Since we’re nearing the end of Flagship February, I thought it would be a good idea to get into the spirit of things and crack open a classic this week.
What’s Flagship February, you ask? Basically, the idea is that for one month, we, the beer drinking public, try to focus on perennial flagship beers instead of the latest hype can of the moment. Experimental one-off beers that you’ve never tried before are nice, but you know what’s nicer? A beer that’s taken years to refine and perfect.
Look at Belgium. The classic Belgian breweries don’t release dozens of new beers every month. They have two, maybe three different beers, and that’s it. And those beers are perfect. They’ve been refined over the course of decades, even centuries in some cases. Of course they’re going to be amazing.
But with sales of flagship beers flagging, if we don’t support them, we could lose them.
The idea started out as a tweet by Canadian beer writer Stephen Beaumont and soon led to a global campaign.
“A lot of beer drinkers have developed a sort of ADD with respect to the beers they drink, so going for a glass of beer at the bar or pub becomes less a pleasant distraction and more a relentless search for what’s new and exciting,” Beaumont told Forbes.com last month. “In this mad rush towards the unusual and unknown, we tend to forget the great, familiar and still-wonderful beers that guided us all along the path to the craft beer renaissance.”
So with that in mind, I thought I’d revisit one of my all-time favourite go-to beers: Cannery Brewing’s Naramata Nut Brown Ale.
Naramata Nut Brown has been around since shortly after Cannery opened 18 years ago in Penticton. And after all that time, it should come as no surprise that they have this beer absolutely dialed in. Almost two decades later, it’s still one of a few beers I will always instinctively order should I see it on a menu.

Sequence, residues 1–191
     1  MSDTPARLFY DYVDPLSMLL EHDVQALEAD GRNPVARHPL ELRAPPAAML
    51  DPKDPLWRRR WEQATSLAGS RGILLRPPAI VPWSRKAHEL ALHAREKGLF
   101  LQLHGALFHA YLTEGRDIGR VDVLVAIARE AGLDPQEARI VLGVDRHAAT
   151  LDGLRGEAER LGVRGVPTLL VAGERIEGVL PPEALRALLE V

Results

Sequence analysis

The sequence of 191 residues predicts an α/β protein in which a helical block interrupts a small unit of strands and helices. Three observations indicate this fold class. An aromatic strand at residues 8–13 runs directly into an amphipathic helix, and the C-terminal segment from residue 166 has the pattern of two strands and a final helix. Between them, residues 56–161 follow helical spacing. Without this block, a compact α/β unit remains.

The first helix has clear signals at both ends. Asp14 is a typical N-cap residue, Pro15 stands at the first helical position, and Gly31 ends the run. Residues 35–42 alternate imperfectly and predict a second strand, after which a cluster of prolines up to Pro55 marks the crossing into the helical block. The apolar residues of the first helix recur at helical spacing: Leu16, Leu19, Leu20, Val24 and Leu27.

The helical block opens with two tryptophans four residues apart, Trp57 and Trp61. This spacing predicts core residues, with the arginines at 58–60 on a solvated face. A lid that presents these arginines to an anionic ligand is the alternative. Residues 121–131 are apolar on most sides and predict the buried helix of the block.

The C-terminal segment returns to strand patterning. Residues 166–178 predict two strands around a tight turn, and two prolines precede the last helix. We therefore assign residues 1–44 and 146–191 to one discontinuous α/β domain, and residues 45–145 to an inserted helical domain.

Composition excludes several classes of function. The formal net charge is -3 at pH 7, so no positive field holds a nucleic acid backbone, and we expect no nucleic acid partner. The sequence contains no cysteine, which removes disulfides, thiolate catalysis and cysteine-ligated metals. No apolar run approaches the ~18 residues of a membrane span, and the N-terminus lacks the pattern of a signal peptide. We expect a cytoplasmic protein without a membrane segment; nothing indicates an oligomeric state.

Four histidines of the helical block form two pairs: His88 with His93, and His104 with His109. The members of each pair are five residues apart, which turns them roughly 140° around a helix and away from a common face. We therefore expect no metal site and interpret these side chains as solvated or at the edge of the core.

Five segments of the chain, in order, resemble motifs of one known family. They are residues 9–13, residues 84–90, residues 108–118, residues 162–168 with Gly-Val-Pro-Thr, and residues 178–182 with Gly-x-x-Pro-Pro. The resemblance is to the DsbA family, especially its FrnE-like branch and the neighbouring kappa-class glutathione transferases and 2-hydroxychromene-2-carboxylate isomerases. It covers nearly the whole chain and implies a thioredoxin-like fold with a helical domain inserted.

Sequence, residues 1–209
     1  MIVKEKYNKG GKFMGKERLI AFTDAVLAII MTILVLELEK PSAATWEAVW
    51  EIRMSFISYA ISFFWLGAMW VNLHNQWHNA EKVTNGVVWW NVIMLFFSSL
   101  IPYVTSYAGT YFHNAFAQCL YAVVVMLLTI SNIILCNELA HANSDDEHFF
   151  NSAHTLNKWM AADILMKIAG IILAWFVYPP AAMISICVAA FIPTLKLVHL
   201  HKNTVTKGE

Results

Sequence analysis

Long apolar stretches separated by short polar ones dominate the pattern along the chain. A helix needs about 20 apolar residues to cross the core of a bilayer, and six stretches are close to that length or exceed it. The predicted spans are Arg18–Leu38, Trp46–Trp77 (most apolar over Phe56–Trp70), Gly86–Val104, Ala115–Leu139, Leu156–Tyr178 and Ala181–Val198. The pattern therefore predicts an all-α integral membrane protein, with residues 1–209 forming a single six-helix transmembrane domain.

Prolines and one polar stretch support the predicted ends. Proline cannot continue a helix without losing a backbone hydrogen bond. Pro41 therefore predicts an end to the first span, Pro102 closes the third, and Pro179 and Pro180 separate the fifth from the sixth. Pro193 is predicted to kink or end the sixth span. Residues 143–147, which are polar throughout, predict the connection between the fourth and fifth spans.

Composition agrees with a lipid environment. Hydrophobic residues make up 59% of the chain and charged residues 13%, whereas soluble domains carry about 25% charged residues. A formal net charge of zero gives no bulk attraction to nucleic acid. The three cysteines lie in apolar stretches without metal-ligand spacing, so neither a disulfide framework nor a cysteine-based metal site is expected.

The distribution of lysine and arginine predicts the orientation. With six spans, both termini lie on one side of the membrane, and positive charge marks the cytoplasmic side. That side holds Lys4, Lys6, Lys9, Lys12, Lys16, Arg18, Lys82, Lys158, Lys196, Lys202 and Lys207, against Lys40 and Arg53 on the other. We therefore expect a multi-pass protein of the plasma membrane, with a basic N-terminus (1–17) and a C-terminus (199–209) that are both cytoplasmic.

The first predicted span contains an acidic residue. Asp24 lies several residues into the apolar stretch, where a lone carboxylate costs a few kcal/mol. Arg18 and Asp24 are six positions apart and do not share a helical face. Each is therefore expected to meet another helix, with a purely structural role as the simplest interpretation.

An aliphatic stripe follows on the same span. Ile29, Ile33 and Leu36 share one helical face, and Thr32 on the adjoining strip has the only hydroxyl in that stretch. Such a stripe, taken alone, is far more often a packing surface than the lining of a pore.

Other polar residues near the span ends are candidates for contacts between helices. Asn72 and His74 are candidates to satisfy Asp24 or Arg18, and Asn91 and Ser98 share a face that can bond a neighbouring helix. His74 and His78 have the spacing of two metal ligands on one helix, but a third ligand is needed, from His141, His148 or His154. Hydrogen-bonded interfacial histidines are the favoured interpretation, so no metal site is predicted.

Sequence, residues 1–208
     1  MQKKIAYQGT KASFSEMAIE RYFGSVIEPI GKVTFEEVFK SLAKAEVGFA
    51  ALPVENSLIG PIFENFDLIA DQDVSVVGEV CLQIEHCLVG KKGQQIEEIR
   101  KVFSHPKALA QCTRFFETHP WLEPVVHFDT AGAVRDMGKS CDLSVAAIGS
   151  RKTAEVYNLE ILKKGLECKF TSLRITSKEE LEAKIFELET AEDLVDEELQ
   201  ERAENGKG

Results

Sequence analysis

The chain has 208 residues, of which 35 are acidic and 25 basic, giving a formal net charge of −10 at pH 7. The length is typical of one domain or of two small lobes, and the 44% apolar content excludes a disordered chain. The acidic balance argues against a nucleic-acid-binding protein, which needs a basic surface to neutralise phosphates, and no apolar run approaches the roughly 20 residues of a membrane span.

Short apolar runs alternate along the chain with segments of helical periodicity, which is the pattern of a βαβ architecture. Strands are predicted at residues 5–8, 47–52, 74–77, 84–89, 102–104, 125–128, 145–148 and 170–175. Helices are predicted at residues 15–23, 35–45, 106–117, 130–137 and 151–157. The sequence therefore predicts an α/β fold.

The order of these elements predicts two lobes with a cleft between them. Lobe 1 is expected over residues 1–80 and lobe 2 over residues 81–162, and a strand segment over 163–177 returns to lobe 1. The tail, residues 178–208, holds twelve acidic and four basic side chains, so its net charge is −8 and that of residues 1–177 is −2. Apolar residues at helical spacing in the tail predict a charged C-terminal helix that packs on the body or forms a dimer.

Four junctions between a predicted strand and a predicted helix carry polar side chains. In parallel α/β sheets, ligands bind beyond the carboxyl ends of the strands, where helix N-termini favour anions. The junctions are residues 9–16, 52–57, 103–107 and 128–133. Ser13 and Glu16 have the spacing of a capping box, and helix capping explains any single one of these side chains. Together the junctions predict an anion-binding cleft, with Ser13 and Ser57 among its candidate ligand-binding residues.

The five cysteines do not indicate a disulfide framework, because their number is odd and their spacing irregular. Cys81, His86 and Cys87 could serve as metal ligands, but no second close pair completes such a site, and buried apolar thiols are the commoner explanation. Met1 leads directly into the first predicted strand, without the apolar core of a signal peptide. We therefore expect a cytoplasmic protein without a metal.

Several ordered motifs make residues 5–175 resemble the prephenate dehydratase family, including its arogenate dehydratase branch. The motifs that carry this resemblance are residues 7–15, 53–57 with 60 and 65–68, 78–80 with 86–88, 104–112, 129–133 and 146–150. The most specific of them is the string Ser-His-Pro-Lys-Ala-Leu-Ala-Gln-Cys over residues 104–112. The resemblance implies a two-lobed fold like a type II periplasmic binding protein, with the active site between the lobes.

The beer itself is wonderfully rich and nutty (there’s no actual nuts in it, by the way), with notes of toast and jam, dried fruit and burnt sugar. The malt character is complex and flavourful, and the body silky smooth. It would be perfectly at home in some country pub in Northern England.
But far from being a mere clone of an English brown ale, Cannery has put their own characteristically West Coast spin on it. Firstly, at 5.5% ABV, it’s higher in alcohol than you’d expect to find in Ol’ Blighty. Secondly, the hop character is also slightly more pronounced than traditional examples, and here it does a wonderful job of balancing the sweetness and drying out the finish, enticing you to take another sip. The end result is as “moreish” a pint as has ever been brewed in this province.
But please don’t drink this beer straight out of the fridge: let it warm up for 15 minutes or so first. If you serve it ice cold you will miss out on all the lovely malt complexity
So don’t forget the classics. These are the beers that got us here, and it would be a shame to lose them.
Naramata Nut Brown by Cannery Brewing
5.5% ABV • 25 IBUS • 650 mL bottles and 6 X 355 mL cans
Appearance: Brilliant deep, dark brown with a persistent, sturdy tan head.
Aroma: Molasses, caramel, nuts, toast, dried fruit.
Flavour: Nutty, smooth, caramel, molasses, toast, dried fruit, roasted barley, mild hop bitterness.
Body/Finish: Silky, creamy, medium bodied with a semi-dry finish.
Pairs with: Toast and jam, Cornish pasty, ploughman’s lunch and a solid eight hours spent sidled up to the bar at your favourite pub (which the English refer to as “Tuesday”).